Other German foods include the Brezel (sort of like a soft pretzel but so much better) or other breads. The baker has so many different ones to choose from, and they are all delicious. Also, I enjoy Christmas time in Germany, because the cookies are spectacular. My favorites are Zimtsterne (cinnamon stars), Spekulatius (a pressed spice cookie) and, of course, the well-known Lebkuchen (gingerbread spice cookies). 
I could go on and on, mentioning all sorts of main meals, side dishes, even condiments. Let me just say, if you have a broad palate, you won't be disappointed with German food. And be sure to wash it down with some red wine. Many people know of the vast vineyards and excellent wines of Germany, because we don't export many of them. The Germans are smart and like to keep some of the best for themselves.     

3. What's a lie you often tell yourself?
I have no time for (insert whatever task here). Sure, my life is busy, but as they say, sometimes you just need to make the time instead of making excuses. 

4. What's something you're good at that might surprise us? Remember this is a family friendly blog!
Hmmm....I'm not sure. I tend to think I am awful or mediocre at most things. So I asked a few people and got these answers: taking photographs, being a friend, writing poetry, making people laugh. However, if I were to ask my teenager daughter, I am sure the reply would be "Annoying me".   :-)

5. Who is your favorite animal character from a book?
I'm not sure I have an absolute favorite animal character. However, I recently finished reading "The Art of Racing in the Rain" by Garth Stein. Not only had my mother sent the book to me saying it was a great book, but my friend Nancy (who is a wonderful writer herself and has a blog where she reviews books she has read) recommended it. It only took me two days to read the whole book. I love that the book is narrated by the dog, Enzo. What a smart dog he is! Funny as well. If you love dogs or racing or life or just a good book, you should read it. Though it hasn't made its way here yet, I hear it was made into a movie. But read the book first. The book is always better. Right?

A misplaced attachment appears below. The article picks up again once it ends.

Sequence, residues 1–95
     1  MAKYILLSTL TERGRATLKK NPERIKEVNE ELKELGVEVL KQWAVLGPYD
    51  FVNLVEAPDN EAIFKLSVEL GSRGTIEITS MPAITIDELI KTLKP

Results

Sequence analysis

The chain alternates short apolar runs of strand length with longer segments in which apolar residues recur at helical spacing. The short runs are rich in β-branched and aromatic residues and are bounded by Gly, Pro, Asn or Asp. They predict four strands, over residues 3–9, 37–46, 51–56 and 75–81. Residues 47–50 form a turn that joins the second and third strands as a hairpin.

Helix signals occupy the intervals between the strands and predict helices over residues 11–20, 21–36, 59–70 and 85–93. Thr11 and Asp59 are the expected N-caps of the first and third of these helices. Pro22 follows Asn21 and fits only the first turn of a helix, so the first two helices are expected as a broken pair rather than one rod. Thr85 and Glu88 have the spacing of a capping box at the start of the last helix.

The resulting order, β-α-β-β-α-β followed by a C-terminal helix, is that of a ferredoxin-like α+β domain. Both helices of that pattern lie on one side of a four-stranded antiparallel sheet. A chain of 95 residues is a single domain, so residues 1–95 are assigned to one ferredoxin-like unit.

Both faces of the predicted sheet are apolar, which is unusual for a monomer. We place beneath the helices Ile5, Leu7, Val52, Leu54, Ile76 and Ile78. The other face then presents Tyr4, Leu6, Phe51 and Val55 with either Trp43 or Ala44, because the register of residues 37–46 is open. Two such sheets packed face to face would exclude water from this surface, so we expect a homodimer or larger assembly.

6. April showers bring May flowers...do you have a green thumb?
Not green and not brown. Somewhere in between. My orchids are forgiving, never failing to bloom again. They are beautiful on my window sill.

7. Speaking of rainy days...which one of the following activities would you most want to spend time doing on a rainy day?

sort photos and create albums
bake cookies
read a good book
hold an all-day movie marathon
organize closets, cupboards, or bookshelves
try a new recipe
fix something that needs fixing
Well, that's a difficult question. Why do we just have to pick one. Why not try a new recipe, perhaps in the Crockpot, and while it is cooking I can read a good book while the hubby fixes something?
8. Insert your own random thought here. 
Yesterday I took part in a blogsplash called My Most Beautiful Thing. To see my post, click here. Every day life is full of good things. One thing I always enjoy this time of year is the chirping of birds. I often wake up to their sweet song. It helps me start the day, especially when the weather is bad. We have a few nest in the bushes in our garden, and the bird sort of get used to me being around, watching them from afar. Last week one hopped over, within about 4 feet of me, cocked his head, stared at me for about a minute. As is often the case on a nice day, I had my camera by my side. I slowly removed the lense cap, brought it up to my eye, focused and CLICK! Then, instead of flying off, he just hopped over to the other side of the yard, started picking for worms in the lawn. Here's the photo. I hope you like it.